I confess to watching a bit more news than usual since losing my wonderful wife. I thought I might share with you the remarkable things I learned today after ignoring the nonsense about the coming debate.
Early this morning I learned what the soup of the day was going to be for Congress. I thought that was a particularly interesting thing to know. Then I learned there have been six Presidents whose last names ended in a vowel (I think six was the right number), but only Obama’s ended in an “o.” that was kind of cool. Then I saw a report that in a poll that asked which Presidential candidate would be most likely to engage in bungee jumping, President Obama “won,” 60 percent to 30 percent (roughly). I filed that away as important information to remember when I entered the voting booth.
But in addition to these important news stories I really learned a lot about what is apparently called “Celebrity skin” and “nip slip,” concepts with which I was not familiar. Kim Kardashian, for example, went to lunch (maybe it was dinner) with someone while wearing a revealing bra and, more importantly, a see-through skirt. It really was a see-through outfit when viewed from behind. I learned that she apparently does not wear “undies” and that she has a quite handsome butt. Then there was a video of Jennifer Lopez at a concert in Italy during which she suffered a “nip slip,” revealing the edge of one of her nipples. That was quite exciting. Not to be outdone someone named Jenny Dewan was featured in a dress that exposed her side as completely bare, thus accenting what was said to be her incredible figure (that appears to be real). Miley Cyrus, apparently a teen age upcoming “star” was reported to be risking her own nip slip by wearing a revealing low-cut dress on the Jay Leno show (I think it was the Leno show). Kate Hudson was a “knockout” in a low-cut red dress, Katy Perry “turned heads in a sexy plunging dress, Jennifer Aniston was featured in a series of bikini photos, and someone named Taylor Momsen was shown completely nude in a movie called The Pretty Reckless. Pretty reckless indeed! Finally, if that was not enough for lascivious aged viewers there was a record of 61 celebrities “showing off their cleavage.” Wow! I haven’t had such thrills since I thumbed the Sears Roebuck and Montgomery Ward catalogues for the lingerie ads when I was a mere lad.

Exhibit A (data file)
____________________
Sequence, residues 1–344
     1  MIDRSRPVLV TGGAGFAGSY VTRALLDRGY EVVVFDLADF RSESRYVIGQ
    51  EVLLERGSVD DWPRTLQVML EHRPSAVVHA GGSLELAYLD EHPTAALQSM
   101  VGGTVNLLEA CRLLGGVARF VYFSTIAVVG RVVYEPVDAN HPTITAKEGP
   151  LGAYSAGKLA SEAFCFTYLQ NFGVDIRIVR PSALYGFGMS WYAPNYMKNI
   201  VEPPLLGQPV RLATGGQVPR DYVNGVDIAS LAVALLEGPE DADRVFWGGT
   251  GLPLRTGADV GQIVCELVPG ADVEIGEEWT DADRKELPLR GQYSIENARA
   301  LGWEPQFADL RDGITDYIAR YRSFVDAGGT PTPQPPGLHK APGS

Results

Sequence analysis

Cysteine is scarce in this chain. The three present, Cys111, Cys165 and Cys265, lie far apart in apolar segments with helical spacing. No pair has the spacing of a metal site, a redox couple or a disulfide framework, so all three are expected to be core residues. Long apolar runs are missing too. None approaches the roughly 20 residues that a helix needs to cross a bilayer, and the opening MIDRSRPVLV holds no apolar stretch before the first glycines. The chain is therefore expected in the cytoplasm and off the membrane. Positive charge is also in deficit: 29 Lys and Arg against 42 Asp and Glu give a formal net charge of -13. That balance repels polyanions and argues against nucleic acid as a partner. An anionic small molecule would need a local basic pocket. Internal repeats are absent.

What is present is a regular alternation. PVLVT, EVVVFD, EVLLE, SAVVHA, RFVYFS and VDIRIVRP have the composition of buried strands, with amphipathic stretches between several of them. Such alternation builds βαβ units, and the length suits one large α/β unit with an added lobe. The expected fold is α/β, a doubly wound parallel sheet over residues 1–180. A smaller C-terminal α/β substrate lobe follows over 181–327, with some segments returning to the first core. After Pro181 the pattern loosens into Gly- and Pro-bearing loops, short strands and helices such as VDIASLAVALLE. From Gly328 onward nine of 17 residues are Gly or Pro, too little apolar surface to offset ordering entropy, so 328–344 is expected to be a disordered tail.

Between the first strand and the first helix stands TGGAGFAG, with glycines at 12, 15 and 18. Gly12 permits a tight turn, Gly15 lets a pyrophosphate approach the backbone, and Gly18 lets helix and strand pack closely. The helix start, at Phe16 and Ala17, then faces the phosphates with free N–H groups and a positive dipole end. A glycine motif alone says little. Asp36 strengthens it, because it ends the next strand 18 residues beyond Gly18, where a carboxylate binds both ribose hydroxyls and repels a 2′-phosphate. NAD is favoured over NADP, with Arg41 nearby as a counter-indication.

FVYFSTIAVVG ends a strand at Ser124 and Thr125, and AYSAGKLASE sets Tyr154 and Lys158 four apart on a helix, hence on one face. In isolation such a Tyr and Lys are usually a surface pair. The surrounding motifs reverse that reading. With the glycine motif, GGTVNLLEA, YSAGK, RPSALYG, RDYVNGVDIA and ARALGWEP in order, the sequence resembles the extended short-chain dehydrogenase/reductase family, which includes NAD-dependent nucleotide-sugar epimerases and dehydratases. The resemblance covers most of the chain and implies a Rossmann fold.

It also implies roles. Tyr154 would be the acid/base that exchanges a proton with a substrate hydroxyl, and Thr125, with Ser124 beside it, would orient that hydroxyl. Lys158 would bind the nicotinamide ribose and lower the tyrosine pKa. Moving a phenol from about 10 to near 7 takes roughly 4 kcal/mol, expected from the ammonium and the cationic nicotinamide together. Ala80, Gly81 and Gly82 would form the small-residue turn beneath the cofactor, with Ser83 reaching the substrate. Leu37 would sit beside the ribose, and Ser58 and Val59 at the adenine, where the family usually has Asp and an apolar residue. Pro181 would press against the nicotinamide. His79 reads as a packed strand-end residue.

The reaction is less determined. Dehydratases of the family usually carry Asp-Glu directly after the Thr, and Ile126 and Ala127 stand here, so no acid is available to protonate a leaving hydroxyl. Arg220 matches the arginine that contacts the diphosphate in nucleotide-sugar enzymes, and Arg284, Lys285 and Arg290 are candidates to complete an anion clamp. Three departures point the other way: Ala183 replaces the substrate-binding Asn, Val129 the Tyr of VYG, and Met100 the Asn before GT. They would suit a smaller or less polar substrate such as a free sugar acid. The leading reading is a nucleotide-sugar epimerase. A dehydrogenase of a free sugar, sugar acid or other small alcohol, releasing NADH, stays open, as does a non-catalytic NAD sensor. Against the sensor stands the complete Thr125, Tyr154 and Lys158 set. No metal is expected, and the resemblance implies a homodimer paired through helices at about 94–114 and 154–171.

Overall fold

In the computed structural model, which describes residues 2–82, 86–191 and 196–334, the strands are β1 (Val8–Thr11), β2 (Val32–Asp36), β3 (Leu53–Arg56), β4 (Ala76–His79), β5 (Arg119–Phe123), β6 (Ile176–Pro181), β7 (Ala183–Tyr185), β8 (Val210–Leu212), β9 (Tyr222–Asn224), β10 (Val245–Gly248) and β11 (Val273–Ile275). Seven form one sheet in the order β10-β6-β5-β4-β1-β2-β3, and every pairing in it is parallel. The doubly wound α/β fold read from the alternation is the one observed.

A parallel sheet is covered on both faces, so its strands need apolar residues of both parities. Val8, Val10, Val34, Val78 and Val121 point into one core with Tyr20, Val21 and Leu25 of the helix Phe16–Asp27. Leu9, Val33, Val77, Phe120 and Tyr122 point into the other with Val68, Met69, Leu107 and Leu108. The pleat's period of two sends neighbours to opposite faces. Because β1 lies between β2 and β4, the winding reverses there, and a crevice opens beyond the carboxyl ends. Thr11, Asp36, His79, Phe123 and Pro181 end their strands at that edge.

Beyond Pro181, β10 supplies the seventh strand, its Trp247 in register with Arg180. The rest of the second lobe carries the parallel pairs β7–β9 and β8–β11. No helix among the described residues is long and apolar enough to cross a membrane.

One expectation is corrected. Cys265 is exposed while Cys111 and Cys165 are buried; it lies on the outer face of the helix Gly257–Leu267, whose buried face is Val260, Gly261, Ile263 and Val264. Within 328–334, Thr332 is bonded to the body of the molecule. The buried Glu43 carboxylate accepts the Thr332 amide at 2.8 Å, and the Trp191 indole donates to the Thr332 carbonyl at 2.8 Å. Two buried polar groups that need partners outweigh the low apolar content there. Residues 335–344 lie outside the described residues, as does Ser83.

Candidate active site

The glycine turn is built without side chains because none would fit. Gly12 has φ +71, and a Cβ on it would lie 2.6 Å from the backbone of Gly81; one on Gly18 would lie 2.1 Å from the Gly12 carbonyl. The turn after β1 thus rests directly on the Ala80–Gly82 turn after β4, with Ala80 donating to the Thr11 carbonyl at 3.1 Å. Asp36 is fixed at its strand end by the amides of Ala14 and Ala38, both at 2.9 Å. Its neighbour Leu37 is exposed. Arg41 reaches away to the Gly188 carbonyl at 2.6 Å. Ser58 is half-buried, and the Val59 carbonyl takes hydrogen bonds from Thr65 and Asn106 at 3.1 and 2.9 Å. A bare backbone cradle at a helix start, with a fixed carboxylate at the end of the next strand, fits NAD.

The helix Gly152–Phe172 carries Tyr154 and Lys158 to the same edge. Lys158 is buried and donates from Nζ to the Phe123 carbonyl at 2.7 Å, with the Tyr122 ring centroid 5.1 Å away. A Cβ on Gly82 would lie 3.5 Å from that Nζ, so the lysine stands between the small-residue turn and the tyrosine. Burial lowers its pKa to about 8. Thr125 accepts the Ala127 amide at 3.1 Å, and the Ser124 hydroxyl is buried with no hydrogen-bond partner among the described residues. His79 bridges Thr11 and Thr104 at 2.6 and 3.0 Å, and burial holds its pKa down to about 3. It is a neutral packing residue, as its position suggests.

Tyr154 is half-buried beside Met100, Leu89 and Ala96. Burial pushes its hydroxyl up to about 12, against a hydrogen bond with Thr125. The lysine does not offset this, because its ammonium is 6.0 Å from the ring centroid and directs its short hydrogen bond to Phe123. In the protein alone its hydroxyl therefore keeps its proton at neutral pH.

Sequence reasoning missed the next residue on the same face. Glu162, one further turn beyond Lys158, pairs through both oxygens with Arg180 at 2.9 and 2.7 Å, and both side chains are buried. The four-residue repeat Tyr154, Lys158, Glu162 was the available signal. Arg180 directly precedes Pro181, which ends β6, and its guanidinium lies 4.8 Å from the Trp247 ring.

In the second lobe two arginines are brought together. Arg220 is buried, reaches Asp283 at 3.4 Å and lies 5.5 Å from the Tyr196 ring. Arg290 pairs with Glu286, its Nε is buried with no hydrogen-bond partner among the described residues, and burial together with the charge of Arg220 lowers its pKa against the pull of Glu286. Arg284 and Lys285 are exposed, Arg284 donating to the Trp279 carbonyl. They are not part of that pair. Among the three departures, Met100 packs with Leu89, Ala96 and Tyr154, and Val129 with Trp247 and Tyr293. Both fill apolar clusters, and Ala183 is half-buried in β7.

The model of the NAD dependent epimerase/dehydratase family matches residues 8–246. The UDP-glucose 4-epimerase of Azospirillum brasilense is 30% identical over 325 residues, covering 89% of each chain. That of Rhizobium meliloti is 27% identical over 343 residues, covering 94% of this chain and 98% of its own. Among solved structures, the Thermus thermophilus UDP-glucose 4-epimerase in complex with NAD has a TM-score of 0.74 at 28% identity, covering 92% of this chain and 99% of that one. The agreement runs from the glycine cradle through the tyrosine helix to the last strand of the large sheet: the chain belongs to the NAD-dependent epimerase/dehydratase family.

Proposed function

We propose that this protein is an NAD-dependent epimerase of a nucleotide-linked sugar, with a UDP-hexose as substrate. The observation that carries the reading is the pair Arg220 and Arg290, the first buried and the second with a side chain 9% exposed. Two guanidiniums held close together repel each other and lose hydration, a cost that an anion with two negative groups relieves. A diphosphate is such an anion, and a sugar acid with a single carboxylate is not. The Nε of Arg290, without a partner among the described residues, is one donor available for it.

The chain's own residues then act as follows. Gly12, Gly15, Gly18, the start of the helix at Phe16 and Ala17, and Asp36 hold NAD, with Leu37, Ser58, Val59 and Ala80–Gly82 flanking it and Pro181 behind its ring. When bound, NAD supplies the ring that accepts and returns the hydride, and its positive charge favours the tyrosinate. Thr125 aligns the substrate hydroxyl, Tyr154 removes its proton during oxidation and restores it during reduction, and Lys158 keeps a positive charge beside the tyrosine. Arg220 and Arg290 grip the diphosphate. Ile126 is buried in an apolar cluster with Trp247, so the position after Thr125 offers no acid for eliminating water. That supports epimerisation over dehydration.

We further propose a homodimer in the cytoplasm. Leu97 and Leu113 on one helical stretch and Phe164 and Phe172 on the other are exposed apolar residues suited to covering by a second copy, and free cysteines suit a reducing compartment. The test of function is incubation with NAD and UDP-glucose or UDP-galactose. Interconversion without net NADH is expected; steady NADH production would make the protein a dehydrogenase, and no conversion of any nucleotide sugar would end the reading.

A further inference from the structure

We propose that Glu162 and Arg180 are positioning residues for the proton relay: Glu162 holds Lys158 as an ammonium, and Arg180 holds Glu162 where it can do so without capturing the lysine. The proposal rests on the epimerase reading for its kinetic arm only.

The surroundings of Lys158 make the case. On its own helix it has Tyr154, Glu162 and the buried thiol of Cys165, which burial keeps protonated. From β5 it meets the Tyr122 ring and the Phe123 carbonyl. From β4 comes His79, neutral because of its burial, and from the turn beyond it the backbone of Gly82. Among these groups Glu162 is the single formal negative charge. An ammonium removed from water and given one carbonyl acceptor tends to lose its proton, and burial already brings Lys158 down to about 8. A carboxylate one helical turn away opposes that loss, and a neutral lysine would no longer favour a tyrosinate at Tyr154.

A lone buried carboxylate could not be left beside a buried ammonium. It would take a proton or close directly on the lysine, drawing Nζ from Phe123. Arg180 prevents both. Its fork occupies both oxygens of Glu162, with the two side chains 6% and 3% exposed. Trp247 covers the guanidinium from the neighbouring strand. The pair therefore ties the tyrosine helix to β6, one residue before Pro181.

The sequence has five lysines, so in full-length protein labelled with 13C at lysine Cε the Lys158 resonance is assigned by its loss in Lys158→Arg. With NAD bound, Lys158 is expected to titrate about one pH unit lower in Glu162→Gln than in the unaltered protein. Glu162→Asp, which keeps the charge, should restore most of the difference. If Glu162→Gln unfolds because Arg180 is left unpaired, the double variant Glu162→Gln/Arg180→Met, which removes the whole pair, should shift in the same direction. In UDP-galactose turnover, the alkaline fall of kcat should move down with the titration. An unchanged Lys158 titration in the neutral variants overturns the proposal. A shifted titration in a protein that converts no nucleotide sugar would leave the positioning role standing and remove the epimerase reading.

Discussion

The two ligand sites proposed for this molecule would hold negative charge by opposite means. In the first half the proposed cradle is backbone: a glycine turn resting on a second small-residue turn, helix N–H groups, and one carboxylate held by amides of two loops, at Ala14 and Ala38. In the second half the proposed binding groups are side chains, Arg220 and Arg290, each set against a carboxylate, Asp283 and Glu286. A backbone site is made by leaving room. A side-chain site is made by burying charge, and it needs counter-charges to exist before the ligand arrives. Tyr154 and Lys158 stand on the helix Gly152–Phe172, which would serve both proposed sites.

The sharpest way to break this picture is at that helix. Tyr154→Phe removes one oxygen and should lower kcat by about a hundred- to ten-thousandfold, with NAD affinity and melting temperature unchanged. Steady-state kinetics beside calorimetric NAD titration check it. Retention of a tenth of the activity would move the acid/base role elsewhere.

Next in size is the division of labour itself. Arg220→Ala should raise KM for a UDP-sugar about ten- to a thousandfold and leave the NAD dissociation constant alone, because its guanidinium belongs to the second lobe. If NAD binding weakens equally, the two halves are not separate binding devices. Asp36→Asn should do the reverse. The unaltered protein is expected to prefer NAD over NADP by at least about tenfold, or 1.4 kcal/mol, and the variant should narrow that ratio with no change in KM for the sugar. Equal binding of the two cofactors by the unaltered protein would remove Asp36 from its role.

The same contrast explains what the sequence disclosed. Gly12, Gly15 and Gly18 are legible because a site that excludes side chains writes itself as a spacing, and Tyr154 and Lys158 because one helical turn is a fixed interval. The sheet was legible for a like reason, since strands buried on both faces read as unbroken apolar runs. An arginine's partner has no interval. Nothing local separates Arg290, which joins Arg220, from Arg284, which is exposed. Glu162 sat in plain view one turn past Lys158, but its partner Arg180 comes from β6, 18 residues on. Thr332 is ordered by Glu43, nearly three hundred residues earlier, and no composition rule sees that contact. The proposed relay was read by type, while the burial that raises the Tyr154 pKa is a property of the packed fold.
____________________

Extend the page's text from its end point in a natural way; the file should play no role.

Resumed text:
All of this coming after the recent scandal involving pictures of Kate Middleton topless (and maybe even bottomless) made me pause to wonder, what in the hell is going on with this obsession with lady body parts? I mean, like, has no one ever seen naked women before? Is there something really special about Kate Middleton’s breasts that make them worth the price of admission? What is there about celebrity skin that is so different from other women’s skin? Are there really significant differences in the female anatomy from one woman to another? Do those skimpy bikinis hide something that no one knows anything about? Having spent a good deal of time in cultures where women (and men) go topless (and almost bottomless, too) I confess I do not understand the concern we have here in the U.S. for ordinary human anatomy. It is, I believe, downright weird. But, then, I think most of American culture is downright weird, a culture of the absurd.
Nowhere does this seem more true than when it comes to our elections that have now reached the point of ridiculous non-stop speculation and entertainment rather than serious governing. I, like everyone else, will watch the spectacle tomorrow evening because, as is said, “it’s the only game in town.” Will Obama redeem himself? Will Romney continue to lie? Will form reign over substance? Will anyone get a bounce? Does anyone’s performance really matter? How many days of review will we have to endure? Who are you going to believe, your own eyes and ears, or the pundits? Is this really going to be the most important event in the history of our country? Will they even mention the truly important issues of the day like global warming, environmental degradation, universal health care, the Supreme Court? The charade continues, sit back, relax, enjoy the show, pretend it really matters, root for your champion, the Black Kenyan Socialist or the Great White Dope, but vote, voting is important (if they will let you or if the machine doesn’t mysteriously change it). Your vote cannot be bought , that privilege is reserved for Congresspersons. Whatever happens, prepare yourself for the 2016 campaign that is already starting.
Politics is not the art of the possible. It consists in choosing between the disastrous and the unpalatable.
John Kenneth Galbraith